In 2008, a two character indie film called Sunday came out of nowhere to claim a spot in The Independent Critic's Top 10 Films of 2008, a fact that surprised even filmmaker Travis Betz.
It may come as a wee bit of a surprise that I thought of that marvelous little romantic film often while watching The Dead Inside, Betz's latest independent project that could be called a romantic, horror, comedy and musical and still not manage to encapsulate everything one experiences while watching this marvelously quirky, ingeniously entertaining and strangely affectionate film.
Once again, Betz limits his film to two characters - Wes (Dustin Fasching) and Fi (Sarah Lassez). Wes is a burned out photographer making ends meet by shooting weddings. Fi is the writer of a series of zombie novellas called "The Dead Survive," though she's mired deep within a serious case of writer's block.
When Fi begins showing signs of mental illness, Wes does what any loving partner would do - He gets her institutionalized.
Okay. Okay. It's not quite that casually conspired. Wes actually tries everything he can to help Fi, but he soon discovers that there are dark forces lurking inside her and they don't want to go. So, Wes embarks on a battle for his girlfriend's soul that will wreak havoc, maybe inspiration, on both of them.
Sunday was a rarity for Betz, a deeply felt and surprisingly straightforward romantic film that enchanted me from point one and absolutely never let go. It's not that Betz's films aren't deeply felt, but that they tend to be bathing in quirk, weirdness and ample doses of horrified fantasy. The Indiana born Betz has an extraordinary knack for making the abnormal seem normal and for finding the normal to be hilariously absurd.
Trust me. It's a gift.
With The Dead Inside, which was just released by Monarch Home Video on DVD, Betz very nearly masters the perfect weaving together of absurdity and normalcy as he paints a surprisingly heartfelt and emotionally compelling love story against the fabric of zombies, spirit possession and mental illness.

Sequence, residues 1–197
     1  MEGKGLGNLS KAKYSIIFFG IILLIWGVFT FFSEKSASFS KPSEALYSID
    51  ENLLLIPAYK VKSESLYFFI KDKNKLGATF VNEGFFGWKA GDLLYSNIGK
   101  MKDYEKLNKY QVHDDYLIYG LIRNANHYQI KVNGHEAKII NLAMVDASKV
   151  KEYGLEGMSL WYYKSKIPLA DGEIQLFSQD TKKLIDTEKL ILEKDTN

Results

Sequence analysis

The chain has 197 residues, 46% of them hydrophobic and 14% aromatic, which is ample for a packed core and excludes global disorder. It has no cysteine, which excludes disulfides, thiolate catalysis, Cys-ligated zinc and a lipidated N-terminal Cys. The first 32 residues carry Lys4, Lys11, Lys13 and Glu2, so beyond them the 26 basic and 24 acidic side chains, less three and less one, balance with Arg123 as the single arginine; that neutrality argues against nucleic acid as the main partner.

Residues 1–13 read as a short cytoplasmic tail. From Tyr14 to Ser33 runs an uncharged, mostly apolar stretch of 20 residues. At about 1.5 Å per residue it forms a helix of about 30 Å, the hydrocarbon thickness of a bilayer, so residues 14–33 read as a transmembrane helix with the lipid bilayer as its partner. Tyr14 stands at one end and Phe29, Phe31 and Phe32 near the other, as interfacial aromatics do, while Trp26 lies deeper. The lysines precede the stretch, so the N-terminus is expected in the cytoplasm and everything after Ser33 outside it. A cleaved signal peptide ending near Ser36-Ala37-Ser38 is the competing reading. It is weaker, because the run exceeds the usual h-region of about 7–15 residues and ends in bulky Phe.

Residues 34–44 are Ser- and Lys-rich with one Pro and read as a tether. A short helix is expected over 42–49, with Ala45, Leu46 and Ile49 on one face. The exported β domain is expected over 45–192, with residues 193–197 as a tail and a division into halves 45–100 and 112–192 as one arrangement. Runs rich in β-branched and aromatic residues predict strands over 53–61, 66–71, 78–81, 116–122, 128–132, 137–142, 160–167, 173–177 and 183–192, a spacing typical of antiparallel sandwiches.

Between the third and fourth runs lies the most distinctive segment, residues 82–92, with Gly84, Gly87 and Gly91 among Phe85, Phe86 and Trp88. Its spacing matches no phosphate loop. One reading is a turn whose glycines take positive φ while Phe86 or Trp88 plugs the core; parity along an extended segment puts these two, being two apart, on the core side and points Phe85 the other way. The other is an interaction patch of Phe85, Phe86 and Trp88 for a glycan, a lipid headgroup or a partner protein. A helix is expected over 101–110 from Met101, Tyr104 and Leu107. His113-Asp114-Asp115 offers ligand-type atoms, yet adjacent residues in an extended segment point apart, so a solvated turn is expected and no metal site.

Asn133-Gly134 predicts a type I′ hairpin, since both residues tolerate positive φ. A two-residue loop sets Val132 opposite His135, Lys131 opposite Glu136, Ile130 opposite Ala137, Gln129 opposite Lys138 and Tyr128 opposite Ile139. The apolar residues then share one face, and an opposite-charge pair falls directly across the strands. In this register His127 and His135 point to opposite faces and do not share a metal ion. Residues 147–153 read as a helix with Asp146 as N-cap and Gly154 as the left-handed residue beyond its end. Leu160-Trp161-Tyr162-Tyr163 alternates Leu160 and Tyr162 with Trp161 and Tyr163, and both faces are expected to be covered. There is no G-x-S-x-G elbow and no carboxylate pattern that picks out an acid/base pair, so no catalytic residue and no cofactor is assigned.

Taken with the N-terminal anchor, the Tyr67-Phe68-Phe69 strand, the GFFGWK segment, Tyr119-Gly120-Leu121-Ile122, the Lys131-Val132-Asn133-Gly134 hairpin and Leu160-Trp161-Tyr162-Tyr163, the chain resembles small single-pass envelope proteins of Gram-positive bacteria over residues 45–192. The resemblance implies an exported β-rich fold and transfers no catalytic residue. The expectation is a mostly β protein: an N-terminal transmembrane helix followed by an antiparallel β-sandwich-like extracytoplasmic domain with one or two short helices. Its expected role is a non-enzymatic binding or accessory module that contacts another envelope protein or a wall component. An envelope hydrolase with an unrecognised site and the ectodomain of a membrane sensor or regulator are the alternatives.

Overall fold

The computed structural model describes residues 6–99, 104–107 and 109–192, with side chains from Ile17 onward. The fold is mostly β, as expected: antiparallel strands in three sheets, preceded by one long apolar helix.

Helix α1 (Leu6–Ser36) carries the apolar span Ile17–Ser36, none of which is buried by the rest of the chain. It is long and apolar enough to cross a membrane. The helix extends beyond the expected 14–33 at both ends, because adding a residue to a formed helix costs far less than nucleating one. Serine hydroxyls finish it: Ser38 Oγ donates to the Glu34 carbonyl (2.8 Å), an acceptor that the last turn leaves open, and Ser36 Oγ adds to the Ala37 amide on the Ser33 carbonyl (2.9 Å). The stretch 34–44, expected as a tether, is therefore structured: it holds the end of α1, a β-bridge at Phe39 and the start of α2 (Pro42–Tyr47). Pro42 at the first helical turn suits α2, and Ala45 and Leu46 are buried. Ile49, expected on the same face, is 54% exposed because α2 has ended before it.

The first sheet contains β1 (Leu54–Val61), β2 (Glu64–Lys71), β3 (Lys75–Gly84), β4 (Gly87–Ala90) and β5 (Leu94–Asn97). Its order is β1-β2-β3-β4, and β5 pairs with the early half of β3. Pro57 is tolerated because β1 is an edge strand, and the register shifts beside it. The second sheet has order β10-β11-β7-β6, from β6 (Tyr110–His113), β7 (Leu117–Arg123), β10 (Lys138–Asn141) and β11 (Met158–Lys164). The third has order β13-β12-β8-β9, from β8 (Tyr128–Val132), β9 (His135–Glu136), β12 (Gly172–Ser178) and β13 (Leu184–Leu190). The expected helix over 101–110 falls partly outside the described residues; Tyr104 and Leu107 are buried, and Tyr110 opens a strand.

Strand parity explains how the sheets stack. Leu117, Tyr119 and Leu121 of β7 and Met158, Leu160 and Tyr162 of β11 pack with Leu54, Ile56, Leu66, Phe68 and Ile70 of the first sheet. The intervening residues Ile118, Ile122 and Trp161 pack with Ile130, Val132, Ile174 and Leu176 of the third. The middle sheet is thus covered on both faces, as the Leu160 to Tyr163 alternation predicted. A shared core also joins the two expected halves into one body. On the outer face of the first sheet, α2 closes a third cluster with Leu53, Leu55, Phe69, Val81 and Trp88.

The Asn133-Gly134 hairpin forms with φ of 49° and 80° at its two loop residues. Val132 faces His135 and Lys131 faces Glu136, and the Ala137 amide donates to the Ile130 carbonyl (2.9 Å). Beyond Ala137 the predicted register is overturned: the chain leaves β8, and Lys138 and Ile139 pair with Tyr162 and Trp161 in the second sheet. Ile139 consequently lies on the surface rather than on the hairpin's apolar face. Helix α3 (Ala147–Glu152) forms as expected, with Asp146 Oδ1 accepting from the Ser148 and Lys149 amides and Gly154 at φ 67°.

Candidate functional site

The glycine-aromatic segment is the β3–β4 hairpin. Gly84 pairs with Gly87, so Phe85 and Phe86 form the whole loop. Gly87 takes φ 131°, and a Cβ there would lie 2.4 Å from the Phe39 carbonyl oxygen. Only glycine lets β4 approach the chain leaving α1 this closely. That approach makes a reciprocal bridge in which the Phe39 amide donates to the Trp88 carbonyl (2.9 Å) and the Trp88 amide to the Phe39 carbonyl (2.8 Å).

When that which possesses Fi quietly says "I'm not evil," it's an almost achingly painful moment that takes your breath away.
Then, we get back to business again.
As was true with Sunday, The Dead Inside is perfectly cast with Dustin Fasching a sympathetic yet increasingly fractured Wes. Fasching has the challenging of playing a relatively straight man, emphasis on relatively, in this entirely off-kilter world. Yet, he also needs to hold his own against the far more expressive and unpredictable Fi, played quite wondrously by Sarah Lassez. Lassez exudes her Fi's essential sweetness and vulnerability while also tapping into that mind that would create zombie novellas and, as well, she beautifully plays Fi's transition from loving girlfriend to potentially possessed partner.
Then, there's the music.
Oh my. The music.
With original music by Michael Brake and Joel Vliet, The Dead Inside simply comes to life on a far grander scale.
Or is that death?
Either way, The Dead Inside's music is so devilishly heartfelt that one can easily picture it in a Broadway musical, while lyrically the songs are captivating and funny. Both Fasching and Lassez can sing well, but rather than make a show of it they genuinely seem to have their characters living inside the music.
D.P. Shannon Hourigan's lensing is perfectly in tune with Betz's unique vision for the film, capturing both the heart and horror coming to life. Hourigan has a gift for allowing the camera to linger until just the right point with a character, while the film's look avoids all the usual zombie horror cliche's.
I can't deny that I still have a modest preference for Betz's Sunday, a film that was stripped down and simply an experience of a fantastic story brought to life by two terrific actors. The Dead Inside is a terrific film and easily one of the most original films I've seen in the past year, a film that manages to combine elements of horror, comedy, musical, zombies, 70's sit-coms, psychological dramas and more - And, somehow, it remains a cohesive and compelling and entertaining film. There are a few brief moments that are a tad extraneous, extended beyond where they needed to be. Yet, these are incredibly brief and minor moments that don't begin to dilute the film's lasting entertainment impact.
The Dead Inside is available now on DVD and can be ordered straight from this website. If you consider yourself a connoisseur of the truly unique indie scene, this is one film you'll want to add to your collection.